Decision Making

by Ian Moore

What stops us making decisions?

You make a decision when you ‘make up your mind’. The downside of this is that when you make a decision, you have to let go of other ideas, options and possibilities. Some people find this difficult to do. There are many reasons for this, including

  • Not having good decision-making techniques
  • Lack of confidence, not trusting yourself
  • Lack of information
  • Too much information to keep in your head at one time
  • Disagreement between group members
  • Trying to make one big decision that could, and probably should, be split into smaller decisions
  • Level of responsibility – if your decision affects others and carries consequences, you may be reluctant to finalise things
  • Fear of getting the decision wrong or making a mistake
  • Avoiding closure on something because the next step after a decision is into the unknown
  • Being emotionally attached to a certain outcome that is not the logical choice
  • The opportunity cost of making a decision and thus letting go of other options
  • Conflict with our personal values or priorities
  • Social or organisational constraints
  • Not wanting to create winners and losers
  • Uncertainty over the consequences, especially if they seem to lead to a lose-lose situation.

All of these problems will be helped significantly by practising and using the techniques described here. You may need to practise a technique first on simpler decisions, but when you have become comfortable with the technique, you will be able to apply it to more complex situations.

Sometimes we prevaricate over the smallest decisions without knowing why. This may be caused by other things that are happening in our lives. It may be because we have no deadline for the decision and are spending too much time on the details. Some people naturally take more time in making a decision than others; this is not necessarily a bad thing, but if time is critical this can have unfortunate consequences.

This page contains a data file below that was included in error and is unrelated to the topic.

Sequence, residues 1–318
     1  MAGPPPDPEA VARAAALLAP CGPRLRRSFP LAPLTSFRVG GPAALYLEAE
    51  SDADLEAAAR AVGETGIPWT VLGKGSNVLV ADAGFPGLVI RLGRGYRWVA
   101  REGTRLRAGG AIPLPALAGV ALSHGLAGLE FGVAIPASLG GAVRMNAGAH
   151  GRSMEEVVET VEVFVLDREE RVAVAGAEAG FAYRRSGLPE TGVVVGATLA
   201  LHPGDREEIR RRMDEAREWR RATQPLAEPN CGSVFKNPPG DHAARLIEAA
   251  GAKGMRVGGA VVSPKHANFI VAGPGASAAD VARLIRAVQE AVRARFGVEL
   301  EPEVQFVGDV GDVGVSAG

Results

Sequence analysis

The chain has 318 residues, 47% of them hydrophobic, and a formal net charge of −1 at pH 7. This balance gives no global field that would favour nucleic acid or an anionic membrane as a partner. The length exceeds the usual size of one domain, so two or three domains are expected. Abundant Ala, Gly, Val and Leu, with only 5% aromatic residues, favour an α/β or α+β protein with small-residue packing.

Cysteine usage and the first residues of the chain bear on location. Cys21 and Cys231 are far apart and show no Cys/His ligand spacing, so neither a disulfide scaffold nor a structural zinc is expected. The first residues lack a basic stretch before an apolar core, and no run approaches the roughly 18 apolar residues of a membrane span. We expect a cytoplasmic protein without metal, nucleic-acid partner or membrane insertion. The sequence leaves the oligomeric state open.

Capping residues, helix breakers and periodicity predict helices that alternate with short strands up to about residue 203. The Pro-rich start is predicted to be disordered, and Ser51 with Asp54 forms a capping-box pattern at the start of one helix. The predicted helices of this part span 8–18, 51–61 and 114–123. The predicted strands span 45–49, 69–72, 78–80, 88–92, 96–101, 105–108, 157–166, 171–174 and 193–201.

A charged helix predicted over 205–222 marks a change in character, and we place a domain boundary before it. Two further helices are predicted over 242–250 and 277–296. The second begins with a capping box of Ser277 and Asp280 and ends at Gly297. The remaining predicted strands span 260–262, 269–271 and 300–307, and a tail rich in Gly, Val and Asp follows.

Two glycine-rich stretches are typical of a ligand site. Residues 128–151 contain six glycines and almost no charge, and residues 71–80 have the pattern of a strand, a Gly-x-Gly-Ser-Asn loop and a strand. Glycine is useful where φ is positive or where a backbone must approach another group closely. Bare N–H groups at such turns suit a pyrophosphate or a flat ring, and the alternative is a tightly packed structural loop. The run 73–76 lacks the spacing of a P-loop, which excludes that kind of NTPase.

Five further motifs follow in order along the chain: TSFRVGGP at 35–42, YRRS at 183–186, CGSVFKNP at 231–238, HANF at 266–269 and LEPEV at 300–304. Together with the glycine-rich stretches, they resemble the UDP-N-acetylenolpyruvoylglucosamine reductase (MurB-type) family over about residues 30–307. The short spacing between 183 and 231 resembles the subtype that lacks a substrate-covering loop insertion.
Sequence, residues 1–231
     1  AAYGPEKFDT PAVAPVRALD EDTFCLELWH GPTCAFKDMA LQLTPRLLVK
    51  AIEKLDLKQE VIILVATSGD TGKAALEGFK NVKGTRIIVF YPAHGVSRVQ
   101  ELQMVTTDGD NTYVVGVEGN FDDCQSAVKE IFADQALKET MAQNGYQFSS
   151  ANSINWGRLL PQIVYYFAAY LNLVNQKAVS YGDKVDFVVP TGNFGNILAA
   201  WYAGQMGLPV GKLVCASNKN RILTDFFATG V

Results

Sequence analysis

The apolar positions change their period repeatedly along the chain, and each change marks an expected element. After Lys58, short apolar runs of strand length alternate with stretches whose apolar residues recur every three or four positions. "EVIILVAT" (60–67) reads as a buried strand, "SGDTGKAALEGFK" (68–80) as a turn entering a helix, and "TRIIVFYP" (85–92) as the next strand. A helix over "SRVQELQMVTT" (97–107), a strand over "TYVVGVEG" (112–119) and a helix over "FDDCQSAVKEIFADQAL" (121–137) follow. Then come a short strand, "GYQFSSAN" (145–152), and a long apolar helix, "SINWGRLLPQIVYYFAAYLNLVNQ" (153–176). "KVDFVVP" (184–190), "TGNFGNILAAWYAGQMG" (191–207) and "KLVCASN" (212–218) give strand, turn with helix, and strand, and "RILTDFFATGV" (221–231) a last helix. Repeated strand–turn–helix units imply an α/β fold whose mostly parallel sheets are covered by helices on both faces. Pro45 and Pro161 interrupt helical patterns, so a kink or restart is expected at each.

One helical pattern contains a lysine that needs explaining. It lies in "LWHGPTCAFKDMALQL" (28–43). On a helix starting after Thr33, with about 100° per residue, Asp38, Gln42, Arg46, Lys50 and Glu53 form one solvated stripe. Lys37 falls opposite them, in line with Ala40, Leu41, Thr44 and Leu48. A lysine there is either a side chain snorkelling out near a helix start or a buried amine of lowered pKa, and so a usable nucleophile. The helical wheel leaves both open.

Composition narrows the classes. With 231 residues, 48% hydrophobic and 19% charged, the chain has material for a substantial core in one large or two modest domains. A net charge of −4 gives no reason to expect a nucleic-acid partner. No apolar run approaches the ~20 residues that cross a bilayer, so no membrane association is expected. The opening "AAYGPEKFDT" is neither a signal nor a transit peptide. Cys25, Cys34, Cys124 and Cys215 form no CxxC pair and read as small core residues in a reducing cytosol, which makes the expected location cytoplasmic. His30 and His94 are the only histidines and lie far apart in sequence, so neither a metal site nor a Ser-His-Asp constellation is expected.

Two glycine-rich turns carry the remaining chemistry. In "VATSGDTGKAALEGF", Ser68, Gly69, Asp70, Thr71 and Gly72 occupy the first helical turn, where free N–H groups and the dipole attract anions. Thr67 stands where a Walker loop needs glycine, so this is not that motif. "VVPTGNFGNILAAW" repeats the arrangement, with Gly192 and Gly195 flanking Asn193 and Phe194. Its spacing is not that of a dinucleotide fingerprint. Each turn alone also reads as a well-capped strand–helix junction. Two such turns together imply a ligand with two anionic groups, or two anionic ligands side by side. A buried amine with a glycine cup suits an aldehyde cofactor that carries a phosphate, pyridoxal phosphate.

Motivation

In order to make a decision, we need some personal benefit for making it. Bear in mind that one major benefit of making a decision is that you no longer need to expend mental energy on it – it is a ‘weight off your mind’. You can move on to other things and remove the stress and internal conflict that not making the decision causes.

So, to motivate yourself to make a decision, you need to focus on how you will feel after making the decision. What will be the benefits of making the decision? What good things will flow from the decision? In this way, you can dispel the fear of making the decision. In the end, it all comes down to the fear of consequences; this produces anxiety, which in turn fuels the fear. It is a downward spiral for many people. To drive out the fear of consequences, look at any decision from these four perspectives:

  1. What would happen if I did?
  2. What would happen if I did not?
  3. What would not happen if I did?
  4. What would not happen if I did not?

Each of these is a subtly different question and you will get great clarity around the consequences of a decision by really thinking about each in turn.

Helping people on your team make decisions

As leader of a team, you are in the perfect situation to help your team members make better decisions.

You can lead by example, using decision-making techniques yourself regularly and in an open way. This demonstrates to your team how important you think structured decision making is and introduces them to the techniques. When your team has become comfortable with a specific technique and are using it regularly by themselves, start introducing new techniques.

Warning

If you are good at decision making yourself, you may not see the need for this. Find out if your team use decision-making techniques and, if not, introduce them to the techniques.

You can provide training in decision-making techniques, either by getting external training for your team or running short, regular training sessions yourself. This introduces them to the techniques and raises the importance of practising decision making in their minds. Alternatively, if one of your team is a natural resource investigator and communicator, why not give this role to them and make it their ‘pet project’?

You can coach your staff individually to be better decision makers. Allocate time to talk with them about their difficulties in decision making and help them to generate the solutions for their improvement themselves (see Coaching).

Over time, the group will develop its own decision-making ‘style’ and even start inventing its own approaches.

Dealing with pressure

Feeling under pressure can disrupt the decision-making process, whatever technique you are using. Applying the techniques in a non-pressured environment will help. Get yourself away from the office and distracting interruptions if possible and concentrate on applying the techniques in a cool, calm and collected manner.